Sunday, July 3, 2011

Review: Black Hole Blues

Read 6/24/11 - 7/3/11
3 Stars - Recommended to readers familiar with genre and author
Pgs: 203

Ever wonder what happened to Kenny Rogers? I have the answer... he has become the arch-enemy of J. Claude Caruthers - country music's biggest star, the man who is one name away from writing a country song for every woman's name on earth.

As Claude struggles with insomnia and the pressure of finding a word that rhymes with "Zygmut", his estranged astrophysicist twin brother Lloyd attempts to recreate the Big Bang and accidently opens a black hole that slowly reeks havoc on the world.

These events - plus the search for Claude's stolen guitar, his chef's desire to create the world's tastiest club sandwich, and the strange letters Lloyd has been receiving from his missing sister - propel the Caruther brothers to reunite under the most complicated of circumstances.

Black Hole Blues is a great example of literature that does not take itself too seriously. It's fun and revengeful, and even gives it's inanimate objects an opportunity to become part of the narrative:
  • Claude's guitar "Rusty" laments over the inhuman treatment his captors inflict upon him, locking him inside his guitar case, while reminiscing about the good and bad times he has experienced in his owners hands.
  • Claude's tour bus recounts Claude's multiple bouts of depression.
  • An uneaten club sandwich mopes over the fact that Claude left her to rot under his bed, never having taken a single bite out of her, leaving her destiny unfulfilled.
  • A happily married proton details his experience of smacking face first into his proton-wife in the Hadron Collider, and his disgust at having turned into a black hole that eats everything that crosses his path.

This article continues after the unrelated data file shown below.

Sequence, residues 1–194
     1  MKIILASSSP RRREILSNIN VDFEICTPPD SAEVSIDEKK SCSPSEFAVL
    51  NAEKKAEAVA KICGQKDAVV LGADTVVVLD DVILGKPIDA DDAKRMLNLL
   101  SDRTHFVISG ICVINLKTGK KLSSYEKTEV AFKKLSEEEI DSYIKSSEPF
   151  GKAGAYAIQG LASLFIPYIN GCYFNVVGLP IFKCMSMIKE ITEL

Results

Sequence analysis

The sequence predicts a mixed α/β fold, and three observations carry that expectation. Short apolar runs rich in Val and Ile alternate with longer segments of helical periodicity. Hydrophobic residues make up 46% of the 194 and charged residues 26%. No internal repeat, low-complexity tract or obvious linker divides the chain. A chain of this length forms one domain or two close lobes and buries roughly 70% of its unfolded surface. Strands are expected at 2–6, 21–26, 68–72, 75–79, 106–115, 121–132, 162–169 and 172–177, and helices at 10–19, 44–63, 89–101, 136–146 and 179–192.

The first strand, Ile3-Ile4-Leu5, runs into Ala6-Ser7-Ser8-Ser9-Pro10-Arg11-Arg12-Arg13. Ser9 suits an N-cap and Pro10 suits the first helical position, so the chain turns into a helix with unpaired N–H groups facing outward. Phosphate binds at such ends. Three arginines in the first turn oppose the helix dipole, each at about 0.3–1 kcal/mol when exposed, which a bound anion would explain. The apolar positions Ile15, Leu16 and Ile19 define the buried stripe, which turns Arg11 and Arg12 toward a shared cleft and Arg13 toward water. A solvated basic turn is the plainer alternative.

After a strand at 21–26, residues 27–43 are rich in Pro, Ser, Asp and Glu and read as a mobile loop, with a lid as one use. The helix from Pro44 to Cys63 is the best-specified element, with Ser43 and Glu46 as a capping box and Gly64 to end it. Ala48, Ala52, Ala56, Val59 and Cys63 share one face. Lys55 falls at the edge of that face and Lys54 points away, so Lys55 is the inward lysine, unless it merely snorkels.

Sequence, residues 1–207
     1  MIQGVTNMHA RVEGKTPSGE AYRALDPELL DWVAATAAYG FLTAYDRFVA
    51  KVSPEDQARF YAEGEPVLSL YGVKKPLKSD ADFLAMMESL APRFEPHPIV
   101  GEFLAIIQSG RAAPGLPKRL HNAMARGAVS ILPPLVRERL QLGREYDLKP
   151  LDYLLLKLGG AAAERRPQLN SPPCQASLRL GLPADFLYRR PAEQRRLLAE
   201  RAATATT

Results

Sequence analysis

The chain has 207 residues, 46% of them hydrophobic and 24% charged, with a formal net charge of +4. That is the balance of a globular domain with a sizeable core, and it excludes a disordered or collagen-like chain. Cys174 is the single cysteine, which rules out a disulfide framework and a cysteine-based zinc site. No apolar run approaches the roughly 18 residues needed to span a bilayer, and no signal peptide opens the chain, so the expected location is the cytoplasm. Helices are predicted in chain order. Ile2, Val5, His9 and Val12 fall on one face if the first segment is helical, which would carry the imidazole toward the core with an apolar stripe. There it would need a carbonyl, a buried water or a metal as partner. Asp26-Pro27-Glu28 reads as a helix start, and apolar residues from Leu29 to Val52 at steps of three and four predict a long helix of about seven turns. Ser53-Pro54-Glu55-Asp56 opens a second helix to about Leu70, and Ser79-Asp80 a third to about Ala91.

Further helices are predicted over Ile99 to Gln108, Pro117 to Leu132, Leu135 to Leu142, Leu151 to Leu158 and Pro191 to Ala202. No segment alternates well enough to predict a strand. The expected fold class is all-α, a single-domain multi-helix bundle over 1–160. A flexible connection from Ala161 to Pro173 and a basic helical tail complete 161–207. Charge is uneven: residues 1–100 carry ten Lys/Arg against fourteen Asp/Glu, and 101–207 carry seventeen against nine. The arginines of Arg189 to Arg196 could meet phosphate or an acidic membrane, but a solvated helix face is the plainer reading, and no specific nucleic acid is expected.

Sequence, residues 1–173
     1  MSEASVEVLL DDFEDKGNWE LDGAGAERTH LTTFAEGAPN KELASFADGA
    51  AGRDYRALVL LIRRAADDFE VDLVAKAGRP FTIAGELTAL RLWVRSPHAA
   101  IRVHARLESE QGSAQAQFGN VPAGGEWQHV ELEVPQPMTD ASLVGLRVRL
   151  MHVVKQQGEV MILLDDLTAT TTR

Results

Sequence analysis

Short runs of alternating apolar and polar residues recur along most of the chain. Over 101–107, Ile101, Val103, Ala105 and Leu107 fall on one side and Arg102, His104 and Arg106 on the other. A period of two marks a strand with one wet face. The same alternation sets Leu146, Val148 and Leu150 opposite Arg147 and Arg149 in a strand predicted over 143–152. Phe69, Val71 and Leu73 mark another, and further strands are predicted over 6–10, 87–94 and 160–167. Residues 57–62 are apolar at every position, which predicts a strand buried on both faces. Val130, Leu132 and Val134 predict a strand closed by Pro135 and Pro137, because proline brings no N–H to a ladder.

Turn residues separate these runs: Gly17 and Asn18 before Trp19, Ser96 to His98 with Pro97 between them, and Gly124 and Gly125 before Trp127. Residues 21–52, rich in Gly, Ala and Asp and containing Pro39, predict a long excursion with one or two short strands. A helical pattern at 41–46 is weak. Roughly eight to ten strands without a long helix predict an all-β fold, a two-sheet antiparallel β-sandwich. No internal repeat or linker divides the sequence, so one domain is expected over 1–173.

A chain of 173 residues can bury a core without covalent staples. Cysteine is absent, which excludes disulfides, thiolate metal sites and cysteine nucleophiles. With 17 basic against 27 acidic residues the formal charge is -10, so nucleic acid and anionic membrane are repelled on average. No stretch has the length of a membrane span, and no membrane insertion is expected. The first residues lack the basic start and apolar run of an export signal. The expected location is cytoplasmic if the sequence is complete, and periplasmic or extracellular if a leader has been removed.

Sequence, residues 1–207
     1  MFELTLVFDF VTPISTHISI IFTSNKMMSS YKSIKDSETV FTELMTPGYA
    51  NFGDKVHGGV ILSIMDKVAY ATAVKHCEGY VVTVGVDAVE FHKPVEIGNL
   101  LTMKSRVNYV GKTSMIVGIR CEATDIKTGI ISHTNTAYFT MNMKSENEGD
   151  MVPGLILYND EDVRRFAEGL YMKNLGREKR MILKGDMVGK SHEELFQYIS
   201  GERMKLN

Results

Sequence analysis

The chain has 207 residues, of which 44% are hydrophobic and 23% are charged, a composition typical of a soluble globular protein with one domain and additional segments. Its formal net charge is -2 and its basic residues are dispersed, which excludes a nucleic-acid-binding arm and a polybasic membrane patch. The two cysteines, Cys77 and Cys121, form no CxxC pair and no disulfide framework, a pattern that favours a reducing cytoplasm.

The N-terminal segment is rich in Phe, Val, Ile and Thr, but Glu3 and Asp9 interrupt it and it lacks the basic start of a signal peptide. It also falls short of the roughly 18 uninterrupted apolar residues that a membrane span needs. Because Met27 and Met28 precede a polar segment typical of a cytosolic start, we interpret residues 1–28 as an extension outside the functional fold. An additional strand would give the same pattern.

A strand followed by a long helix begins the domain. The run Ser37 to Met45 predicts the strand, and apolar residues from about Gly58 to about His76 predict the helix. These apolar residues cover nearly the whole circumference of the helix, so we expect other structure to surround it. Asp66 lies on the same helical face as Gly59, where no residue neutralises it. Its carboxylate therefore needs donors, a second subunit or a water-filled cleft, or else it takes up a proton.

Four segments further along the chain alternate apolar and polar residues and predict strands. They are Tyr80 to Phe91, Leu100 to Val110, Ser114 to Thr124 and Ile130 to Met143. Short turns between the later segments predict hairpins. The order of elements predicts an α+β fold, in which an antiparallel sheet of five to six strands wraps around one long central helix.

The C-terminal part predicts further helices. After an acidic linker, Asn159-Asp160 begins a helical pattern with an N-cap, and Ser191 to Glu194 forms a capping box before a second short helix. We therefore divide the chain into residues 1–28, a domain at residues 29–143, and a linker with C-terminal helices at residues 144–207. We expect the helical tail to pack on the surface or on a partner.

I first became familiar with Patrick Wensink when I reviewed his short story collection Sex Dungeon For Sale a little more than a year ago. I loved the unique way in which he viewed the world and thought his pacing within each story was perfect. If you are new to Patrick or the sub-genre of bizarro fiction, I would recommend starting there because I think it better demonstrates his flexibility as a writer.

You don't have to be a fan of country music or pseudo-science fiction to pick up what Patrick Wensink is attempting to lay down here. Black Hole Blues is an entertaining, multi-layered novel that keeps it's readers on their toes from the very start. Wensink cleverly handles the daunting task of meshing numerous side stories together in a satisfying finale full of tricks and twists and contains all the right ingredients to make a killer television dramedy .

**Oh no! I almost forgot:

Patrick submitted his book to Kenny Rogers' publicist in the hopes that The Gambler himself would write a blurb endorsing the book. Kenny's management team gave him the runaround, and to get even, Patrick created Death to Kenny Rogers - a website dedicated to ruining Kenny's career. Fancy a peek? Click here to see what all the fuss and hurt feelings are about!

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